Two After Atlantis comic issues finished!

The whole time I’ve been writing my After Atlantis superhero books, I kept saying, “I wish these were graphic novels, they’d work so much better that way.” Finally, after hanging around the extremely encouraging authors of the Legends of Amora comic, I decided to take a crack at drawing it myself.

I decided to start at about the midpoint of Waygate. Waygate is a short novella that comes right after book 5. It’s a nice, self-contained story, and it has some cool fight scenes I wanted to draw. I had no idea that I’d get hooked on drawing these characters and their struggles. I’ve just finished two issues and concluded Waygate, and I’m thinking of what to draw next. The logical thought is to go back and draw Bloodbound, but it’s a whole book, not a novella. Kind of like trying to drink the ocean with a straw. But I think if I take it a couple of chapters at a time and turn them into comic issues, it shouldn’t be too bad.

Issue 1 and issue 2

How about some character sheets?

I need to do some character sheets for the characters in Bloodbound, especially the villain, Omniscient. He wears a fox mask and a suit and ought to be really fun to design. πŸ˜€

Rest painting finally available as a print

Over the years, I’ve had a lot of people asking for this little painting as a print. Unfortunately, I painted it about 3 computers ago in art software I no longer have. So I sat down and repainted it.

waterfall, robin, nest, birch, tree, rest, peace, netraptor

“Two painters were once asked to paint a picture illustrating his own idea of rest. The first chose for his scene a quiet, lonely lake, nestled among mountains far away. The second, using swift, broad strokes on his canvas, painted a thundering waterfall. Beneath the falls grew a fragile birch tree, bending over the foam. On its branches, nearly wet with the spray from the falls, sat a robin on its nest.

The first painting was simply a picture of stagnation and inactivity. The second, however, depicted rest.” –Henry Drummond

Print finally available here!

Using AI to make art

AI making art has been incredibly controversial. And I mean raging, frothing, screaming masses. I’ve been doing some reading and investigating, myself. Especially since deviantArt introduced an AI function (and trained it on DA’s library of 5 billion artworks without the permission of the artists). Oh, they’ve added an opt-out checkbox NOW, but yeah, they already scraped everybody’s art, whoops.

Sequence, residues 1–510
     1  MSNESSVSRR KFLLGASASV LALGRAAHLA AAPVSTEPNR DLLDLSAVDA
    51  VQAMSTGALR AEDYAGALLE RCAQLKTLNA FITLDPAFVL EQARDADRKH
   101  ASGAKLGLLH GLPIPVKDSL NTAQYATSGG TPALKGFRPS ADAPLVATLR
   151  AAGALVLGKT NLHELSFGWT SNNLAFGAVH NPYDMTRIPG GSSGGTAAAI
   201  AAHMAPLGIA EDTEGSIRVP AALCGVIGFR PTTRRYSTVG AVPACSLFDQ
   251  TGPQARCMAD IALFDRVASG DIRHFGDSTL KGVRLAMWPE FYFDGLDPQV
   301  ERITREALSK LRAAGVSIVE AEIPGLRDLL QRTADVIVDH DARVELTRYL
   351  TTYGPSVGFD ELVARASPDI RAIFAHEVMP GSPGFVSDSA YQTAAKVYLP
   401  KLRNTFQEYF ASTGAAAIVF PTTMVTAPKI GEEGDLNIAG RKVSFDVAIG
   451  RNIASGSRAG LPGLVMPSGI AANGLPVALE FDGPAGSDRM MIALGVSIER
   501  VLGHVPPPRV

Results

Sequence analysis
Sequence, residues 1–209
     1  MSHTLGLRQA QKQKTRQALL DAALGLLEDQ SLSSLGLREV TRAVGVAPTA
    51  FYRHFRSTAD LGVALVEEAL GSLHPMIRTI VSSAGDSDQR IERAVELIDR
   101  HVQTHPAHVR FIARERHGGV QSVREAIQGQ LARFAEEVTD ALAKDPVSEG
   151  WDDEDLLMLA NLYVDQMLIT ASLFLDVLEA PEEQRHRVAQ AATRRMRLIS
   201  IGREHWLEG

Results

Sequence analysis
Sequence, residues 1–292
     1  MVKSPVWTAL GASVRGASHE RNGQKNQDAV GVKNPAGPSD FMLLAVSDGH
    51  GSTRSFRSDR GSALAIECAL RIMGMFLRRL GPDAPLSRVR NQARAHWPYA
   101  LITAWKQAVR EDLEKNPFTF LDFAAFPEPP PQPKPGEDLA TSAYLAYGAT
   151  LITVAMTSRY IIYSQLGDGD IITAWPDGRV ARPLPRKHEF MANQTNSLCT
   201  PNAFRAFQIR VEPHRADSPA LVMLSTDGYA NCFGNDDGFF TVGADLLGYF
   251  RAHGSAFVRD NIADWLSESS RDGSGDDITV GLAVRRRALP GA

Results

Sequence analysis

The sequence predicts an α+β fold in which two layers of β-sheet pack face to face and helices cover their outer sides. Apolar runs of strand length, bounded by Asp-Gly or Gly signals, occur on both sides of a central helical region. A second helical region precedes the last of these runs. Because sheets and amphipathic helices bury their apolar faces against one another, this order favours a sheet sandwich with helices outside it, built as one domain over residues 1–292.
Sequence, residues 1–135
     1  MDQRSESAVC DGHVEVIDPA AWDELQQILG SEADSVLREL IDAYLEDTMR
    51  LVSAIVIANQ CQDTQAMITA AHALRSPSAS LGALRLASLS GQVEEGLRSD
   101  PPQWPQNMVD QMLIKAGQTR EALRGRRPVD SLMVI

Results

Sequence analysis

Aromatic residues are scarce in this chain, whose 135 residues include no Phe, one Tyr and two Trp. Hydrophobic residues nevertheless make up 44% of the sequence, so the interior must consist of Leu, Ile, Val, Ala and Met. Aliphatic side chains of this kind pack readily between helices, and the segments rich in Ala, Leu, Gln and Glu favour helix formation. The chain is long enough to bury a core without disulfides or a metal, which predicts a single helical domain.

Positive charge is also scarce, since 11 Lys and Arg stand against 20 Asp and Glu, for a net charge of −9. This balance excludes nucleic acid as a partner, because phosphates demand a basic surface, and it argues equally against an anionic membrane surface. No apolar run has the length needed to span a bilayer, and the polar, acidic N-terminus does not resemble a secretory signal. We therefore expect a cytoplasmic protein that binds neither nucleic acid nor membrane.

What these AI do is look at a ton of artworks, usually on Google image search. They ‘learn’ from those artworks and spit out something that looks like them. Similar, but different. It’s not just an aggregate of various artists, as so many artists claim. You use them to make art by typing in keywords, the more specific the better, and the AI tries to make something out of those keywords.

Now, in past versions of, say, Stable Diffusion, they did allow people to type in “in the style of [artist]”. This means that, like it or not, the AI really was studying these artists and making ripoffs of their work. But the developers smelled litigation in the wind and took out the option to target artists. The artists’ work is still in the AI library, it’s just harder to get at. (I’ve noticed you can still tell it “in the style of [cartoon, TV show, comic, etc.]” and it will work.)

Artists are threatened by this. “If a computer can make any art in any style, what’s the point of me spending thousands of hours developing my artistic skills?”

Well, they said Photoshop would replace physical painting, too. Instead, it became another tool that people use to communicate. That’s what art is. Communication. If you combine your refined art skills with AI, you can go interesting places.

My husband recently installed Stable Diffusion on his PC and downloaded some AIs for it that had been trained on various anime libraries. If you want to do the same thing, the files and instructions are here. But only my husband’s brick of a gaming PC could run it. My little laptop choked and died of memory errors.

Anyway, I started playing around with it. I wanted to make some character costume concepts that weren’t ripped directly from a videogame somewhere. Here’s a few concepts. I had used the prompts “handsome man, overcoat, black coat, spiky hair, armor, character sheet”.

These are some of the nicer ones that didn’t have any obvious AI glitches, like screwed up faces or too many legs. And wow, can it get hands wrong. But I just wanted some costume designs, and it delivered some pretty nice ones.

Then I decided I wanted to generate a landscape and paint over it. So I input the keywords, “Forest, red leaves, Greek ruins, steps, pillars”.

Ahah, that last one had the composition I was looking for. I like the second to last one, too, it’s a bit more moody. I might do something with that later.

Anyway, I just drew my own characters into the scene and repainted about 90% of the image.